Why Our Students Plagiarize: An Observation of Modern Research Techniques

In my opinion, the modern problem of plagiarism stems from our shift - as learners - who used to assimilate information from codices (traditional bound paper books) and now do so from digital content.  

When you have a codex (a paper book), and you're researching, you're not going to copy all of the information.  That's ludicrous!  It would take way too much time.  So, instead, you take the time to understand it and jot down only what's important.  You write down a few quotes, because your teacher said you had to have them, and the rest is in your own words.  That's the reality of what's going on behind the average student's research motivations; the path of least resistance.

However, with digital content, the student can grab and go.  They can copy, paste, and then worry about UNDERSTANDING later.  This causes multiple challenges:

First, is that the student with digital content has WAY more information than we were used to parsing through when we were their age.  When I was studying, I had the library and maybe some databases.  My students, however, have 24/7 simultaneous access to 63 databases and 112,000 e-reference books.  All text-searchable and able to be copied and pasted.  And that's NOT including Google or Wikipedia!

Second, they have to ASSESS the validity and quality of their information before they can even proceed!  When you are handed a book, (before the age of self-publishing), you knew that book went through an editor, publisher, distributor, and many other cognitive authorities who guaranteed that the information you were getting was current and correct.  With the internet, that is GONE, and students are not prepared to make those assessments themselves.  Most teachers haven't received that training either.  It's the blind leading the blind.

Third, students have to reverse engineer their understanding.   When you find reference after reference and just copy and paste what you get, the next thing you know, you have 50 pages of unrelated information in a huge doc.  It might feel like you're "easily" finding all this great stuff, but now you have to sift through all of it.  This is the exact opposite of note-taking skills, which train you to jot down what's important.  Cutting down huge pieces of information takes advanced proof-reading and editing skills, which are not regularly practiced (as is evidenced by anyone who has read a student-written essay recently).  Students are forced to do this alone, with little or no guidance.

Fourth, it's so much easier to just re-arrange on the page what's already been written there, after you've copied and pasted it.  It's hard to figure out a way to write anything better than the original author wrote it.  So, instead, students play tetris with the words - move the stuff around - and hope that you don't notice.  Their papers sound brilliant, yet they have no idea what they actually put together.

Doing research today IS harder, not easier, and we need to meet that challenge.

Therefore, my advice, is to approach the problem by recognizing that students are always going to take the path of least resistance.  They are always going to satisfice; sacrificing quality as long as they SATISFY the requirements of the assignment.  They did it before (easier to jot down a little from a book then copy the whole thing) and they're going to keep doing it.  The truth is that Wikipedia really is "good enough," for most K-12 assignments.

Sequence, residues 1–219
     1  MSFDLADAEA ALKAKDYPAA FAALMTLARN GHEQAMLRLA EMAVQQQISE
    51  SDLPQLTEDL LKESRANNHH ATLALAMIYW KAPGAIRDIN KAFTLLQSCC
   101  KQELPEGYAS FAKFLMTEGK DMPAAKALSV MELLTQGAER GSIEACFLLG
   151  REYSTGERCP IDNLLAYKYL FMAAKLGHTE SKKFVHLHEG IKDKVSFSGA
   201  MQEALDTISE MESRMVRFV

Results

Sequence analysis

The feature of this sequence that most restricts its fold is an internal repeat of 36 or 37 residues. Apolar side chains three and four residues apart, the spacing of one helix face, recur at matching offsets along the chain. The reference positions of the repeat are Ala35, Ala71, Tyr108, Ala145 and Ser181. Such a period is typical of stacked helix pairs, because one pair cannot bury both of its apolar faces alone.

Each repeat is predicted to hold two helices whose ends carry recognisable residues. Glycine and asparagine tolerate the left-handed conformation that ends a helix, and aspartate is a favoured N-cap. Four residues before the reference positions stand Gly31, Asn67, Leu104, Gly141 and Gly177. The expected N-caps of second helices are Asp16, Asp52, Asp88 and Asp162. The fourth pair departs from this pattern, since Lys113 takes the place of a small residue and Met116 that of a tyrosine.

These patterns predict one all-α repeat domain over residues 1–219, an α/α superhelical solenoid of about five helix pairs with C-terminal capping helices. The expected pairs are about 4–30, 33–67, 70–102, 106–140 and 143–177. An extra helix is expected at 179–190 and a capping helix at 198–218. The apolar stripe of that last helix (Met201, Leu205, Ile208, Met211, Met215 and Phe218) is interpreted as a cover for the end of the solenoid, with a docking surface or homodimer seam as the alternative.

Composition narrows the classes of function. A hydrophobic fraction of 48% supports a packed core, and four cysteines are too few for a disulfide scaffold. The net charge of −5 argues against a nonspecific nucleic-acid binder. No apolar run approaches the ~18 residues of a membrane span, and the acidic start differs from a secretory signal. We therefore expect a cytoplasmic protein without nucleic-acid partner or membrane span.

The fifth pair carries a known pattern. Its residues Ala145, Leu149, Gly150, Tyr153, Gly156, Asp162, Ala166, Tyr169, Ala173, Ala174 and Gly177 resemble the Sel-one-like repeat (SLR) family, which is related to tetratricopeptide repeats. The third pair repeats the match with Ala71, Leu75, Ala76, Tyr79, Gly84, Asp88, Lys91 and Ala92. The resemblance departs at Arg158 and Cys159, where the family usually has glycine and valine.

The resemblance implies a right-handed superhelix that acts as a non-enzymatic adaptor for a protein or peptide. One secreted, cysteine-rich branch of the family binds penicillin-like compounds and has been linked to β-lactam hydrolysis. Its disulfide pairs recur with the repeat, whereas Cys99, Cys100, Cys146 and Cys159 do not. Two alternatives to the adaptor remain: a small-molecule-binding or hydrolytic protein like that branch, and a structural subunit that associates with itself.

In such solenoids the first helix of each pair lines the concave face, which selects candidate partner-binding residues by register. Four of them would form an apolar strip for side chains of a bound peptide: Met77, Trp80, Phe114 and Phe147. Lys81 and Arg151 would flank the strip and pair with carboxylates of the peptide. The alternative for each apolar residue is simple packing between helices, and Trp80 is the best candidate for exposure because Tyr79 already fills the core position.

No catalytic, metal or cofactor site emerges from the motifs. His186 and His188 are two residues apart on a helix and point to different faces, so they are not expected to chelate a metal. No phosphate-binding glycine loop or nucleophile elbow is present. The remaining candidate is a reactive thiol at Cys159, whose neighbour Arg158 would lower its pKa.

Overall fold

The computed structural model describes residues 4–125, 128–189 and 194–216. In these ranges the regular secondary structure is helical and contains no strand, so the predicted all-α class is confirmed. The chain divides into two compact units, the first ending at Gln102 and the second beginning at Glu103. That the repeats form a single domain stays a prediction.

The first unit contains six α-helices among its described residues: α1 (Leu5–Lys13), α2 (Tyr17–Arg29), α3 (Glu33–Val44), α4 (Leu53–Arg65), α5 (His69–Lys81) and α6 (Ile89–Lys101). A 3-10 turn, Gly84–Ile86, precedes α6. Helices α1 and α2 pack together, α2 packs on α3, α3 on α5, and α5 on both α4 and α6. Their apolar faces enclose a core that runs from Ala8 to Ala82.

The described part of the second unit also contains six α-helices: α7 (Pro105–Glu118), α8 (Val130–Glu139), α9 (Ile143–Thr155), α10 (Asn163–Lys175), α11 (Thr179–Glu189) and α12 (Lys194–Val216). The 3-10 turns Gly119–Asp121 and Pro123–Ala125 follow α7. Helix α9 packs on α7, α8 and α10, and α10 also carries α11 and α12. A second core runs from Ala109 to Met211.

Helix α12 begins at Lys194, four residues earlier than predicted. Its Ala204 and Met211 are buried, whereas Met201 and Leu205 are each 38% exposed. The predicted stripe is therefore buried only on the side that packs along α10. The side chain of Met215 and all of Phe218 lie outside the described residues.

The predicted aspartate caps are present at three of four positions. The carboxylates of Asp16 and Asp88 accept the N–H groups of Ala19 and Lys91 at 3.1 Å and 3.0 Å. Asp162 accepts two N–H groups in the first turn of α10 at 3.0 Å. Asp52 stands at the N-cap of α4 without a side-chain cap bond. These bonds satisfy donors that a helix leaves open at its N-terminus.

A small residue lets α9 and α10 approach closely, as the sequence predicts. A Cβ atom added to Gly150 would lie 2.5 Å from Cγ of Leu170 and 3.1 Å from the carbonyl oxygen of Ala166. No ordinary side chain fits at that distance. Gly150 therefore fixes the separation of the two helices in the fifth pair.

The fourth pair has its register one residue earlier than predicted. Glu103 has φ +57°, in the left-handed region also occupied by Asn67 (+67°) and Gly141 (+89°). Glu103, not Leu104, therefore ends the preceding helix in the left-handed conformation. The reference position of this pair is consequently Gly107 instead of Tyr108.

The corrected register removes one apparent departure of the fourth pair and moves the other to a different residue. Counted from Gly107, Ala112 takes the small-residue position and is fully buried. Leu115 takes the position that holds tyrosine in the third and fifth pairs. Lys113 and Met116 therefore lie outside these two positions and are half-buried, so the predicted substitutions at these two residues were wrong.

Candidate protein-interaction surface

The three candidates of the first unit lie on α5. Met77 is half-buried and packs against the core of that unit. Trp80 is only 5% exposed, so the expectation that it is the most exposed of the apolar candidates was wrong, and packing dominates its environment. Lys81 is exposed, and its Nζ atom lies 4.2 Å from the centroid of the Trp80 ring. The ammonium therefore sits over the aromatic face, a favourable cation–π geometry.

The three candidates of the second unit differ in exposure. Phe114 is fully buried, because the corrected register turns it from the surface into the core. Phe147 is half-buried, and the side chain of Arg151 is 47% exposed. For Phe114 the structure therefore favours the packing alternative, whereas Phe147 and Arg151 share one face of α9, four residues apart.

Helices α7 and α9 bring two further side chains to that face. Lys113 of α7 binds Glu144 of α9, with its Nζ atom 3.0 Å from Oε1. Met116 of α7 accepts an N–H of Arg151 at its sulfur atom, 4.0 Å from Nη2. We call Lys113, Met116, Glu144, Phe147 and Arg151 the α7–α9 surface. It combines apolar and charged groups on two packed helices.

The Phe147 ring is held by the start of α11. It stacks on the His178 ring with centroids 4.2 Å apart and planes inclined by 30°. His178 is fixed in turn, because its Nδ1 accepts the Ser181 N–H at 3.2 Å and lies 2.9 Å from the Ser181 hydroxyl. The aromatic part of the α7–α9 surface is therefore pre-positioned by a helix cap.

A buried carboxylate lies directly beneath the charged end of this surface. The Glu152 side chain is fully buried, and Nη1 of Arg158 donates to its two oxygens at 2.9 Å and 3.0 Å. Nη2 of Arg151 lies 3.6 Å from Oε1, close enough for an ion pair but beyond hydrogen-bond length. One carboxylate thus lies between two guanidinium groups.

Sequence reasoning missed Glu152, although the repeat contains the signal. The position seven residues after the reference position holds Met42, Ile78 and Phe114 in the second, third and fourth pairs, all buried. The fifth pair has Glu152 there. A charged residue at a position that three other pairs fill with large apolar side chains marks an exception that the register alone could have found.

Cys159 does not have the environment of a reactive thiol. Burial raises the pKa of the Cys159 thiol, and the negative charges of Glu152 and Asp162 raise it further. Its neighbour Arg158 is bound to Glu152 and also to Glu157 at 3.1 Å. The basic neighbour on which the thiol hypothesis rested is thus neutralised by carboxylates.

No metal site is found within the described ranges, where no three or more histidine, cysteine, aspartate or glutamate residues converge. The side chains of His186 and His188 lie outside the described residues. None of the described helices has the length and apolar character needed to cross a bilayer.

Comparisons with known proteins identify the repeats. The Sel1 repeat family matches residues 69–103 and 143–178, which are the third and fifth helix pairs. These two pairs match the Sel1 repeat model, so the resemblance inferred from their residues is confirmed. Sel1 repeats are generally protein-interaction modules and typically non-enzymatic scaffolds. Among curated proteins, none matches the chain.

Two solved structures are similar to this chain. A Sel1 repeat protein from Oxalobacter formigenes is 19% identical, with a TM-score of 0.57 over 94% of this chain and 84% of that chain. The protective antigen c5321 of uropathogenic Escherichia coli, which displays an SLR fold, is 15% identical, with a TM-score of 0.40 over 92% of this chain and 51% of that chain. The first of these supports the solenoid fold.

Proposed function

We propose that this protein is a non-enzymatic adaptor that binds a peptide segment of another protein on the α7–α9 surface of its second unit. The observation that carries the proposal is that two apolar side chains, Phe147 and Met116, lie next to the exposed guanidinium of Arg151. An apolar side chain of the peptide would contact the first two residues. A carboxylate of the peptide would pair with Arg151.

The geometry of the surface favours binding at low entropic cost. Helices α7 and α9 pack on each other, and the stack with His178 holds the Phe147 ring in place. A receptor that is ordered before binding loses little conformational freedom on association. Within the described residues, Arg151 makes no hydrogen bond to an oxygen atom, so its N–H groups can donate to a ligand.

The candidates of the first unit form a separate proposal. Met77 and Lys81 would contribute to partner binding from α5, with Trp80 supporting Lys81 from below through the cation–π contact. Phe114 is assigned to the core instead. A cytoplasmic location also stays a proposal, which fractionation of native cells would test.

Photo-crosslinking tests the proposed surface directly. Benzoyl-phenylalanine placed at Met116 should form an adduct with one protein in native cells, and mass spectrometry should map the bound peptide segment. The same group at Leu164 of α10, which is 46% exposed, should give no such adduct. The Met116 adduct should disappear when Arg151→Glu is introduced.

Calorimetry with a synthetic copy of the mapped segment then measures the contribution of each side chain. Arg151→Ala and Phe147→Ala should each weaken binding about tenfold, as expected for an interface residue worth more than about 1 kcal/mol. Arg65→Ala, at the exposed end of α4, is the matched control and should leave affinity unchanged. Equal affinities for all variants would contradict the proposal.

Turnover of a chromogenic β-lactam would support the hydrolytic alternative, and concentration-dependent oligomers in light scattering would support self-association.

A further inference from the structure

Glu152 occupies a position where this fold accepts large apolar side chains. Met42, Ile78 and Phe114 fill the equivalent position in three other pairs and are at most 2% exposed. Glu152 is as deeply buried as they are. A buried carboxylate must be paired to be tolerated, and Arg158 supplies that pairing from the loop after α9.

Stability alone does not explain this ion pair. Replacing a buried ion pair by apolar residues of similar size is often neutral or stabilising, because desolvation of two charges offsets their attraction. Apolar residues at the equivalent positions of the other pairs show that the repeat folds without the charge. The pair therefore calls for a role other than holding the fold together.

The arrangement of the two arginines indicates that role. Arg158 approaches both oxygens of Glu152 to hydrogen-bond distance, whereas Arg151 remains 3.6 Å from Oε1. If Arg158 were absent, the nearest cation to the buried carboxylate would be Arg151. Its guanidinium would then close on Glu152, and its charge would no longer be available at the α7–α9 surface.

The model of how our information arrives has changed, therefore we must change the way we sift through it, learn it, and teach it.

I don't have a #1 answer.  But here are some things I've tried:

- Before starting a research project, go through an entire unit JUST about the differences between plagiarism and paraphrasing.  BrainPOP.com has some great videos and quizzes for that.  And don't hesitate to collaborate with your school library media specialist to accomplish it!

- Showcase stories of students who have been kicked out of colleges for plagiarism, so they understand it's serious!  The more personal the story, the better.

- Teach the ISP (information search process), as outlined by Carol Kuhlthau:  http://comminfo.rutgers.edu/~kuhlthau/information_search_process.htm.  The ISP teaches students that exploration, discovery, and thought should precede the frantic scurried gathering of information that students usually start with.  This can curtail some of the information overload.

- Restrict which sources students are allowed to use.  I have had great success using clipboard.com for this.  I create boards for specific projects, and teachers ask students to ONLY use the clipboard if they wish to use online resources that are outside of my databases.  Here is my clipboard, if you'd like to see how I am using it:  http://clipboard.com/LHSMediaCenter/boards

- Teach a website validity lesson.  There are dozens of well-designed sites out there that are totally fake, and made just to teach students that, just because it's online, doesn't mean it's real or right.  I have collected several and you can find them in my clipboard, tagged#RealorFake

I once heard that trying to research today is like trying to take a drink from a fire hydrant.  Let's teach our students how to either turn down the deluge, or find a respectable water cooler instead.


  1. Although, there is no specific definition for plagiarism, but it is true that the plagiarizers must be treated as thieves. You just need to have a duplicate checker to collect enough evidences against them and make them feel ashamed of doing unethical practices.


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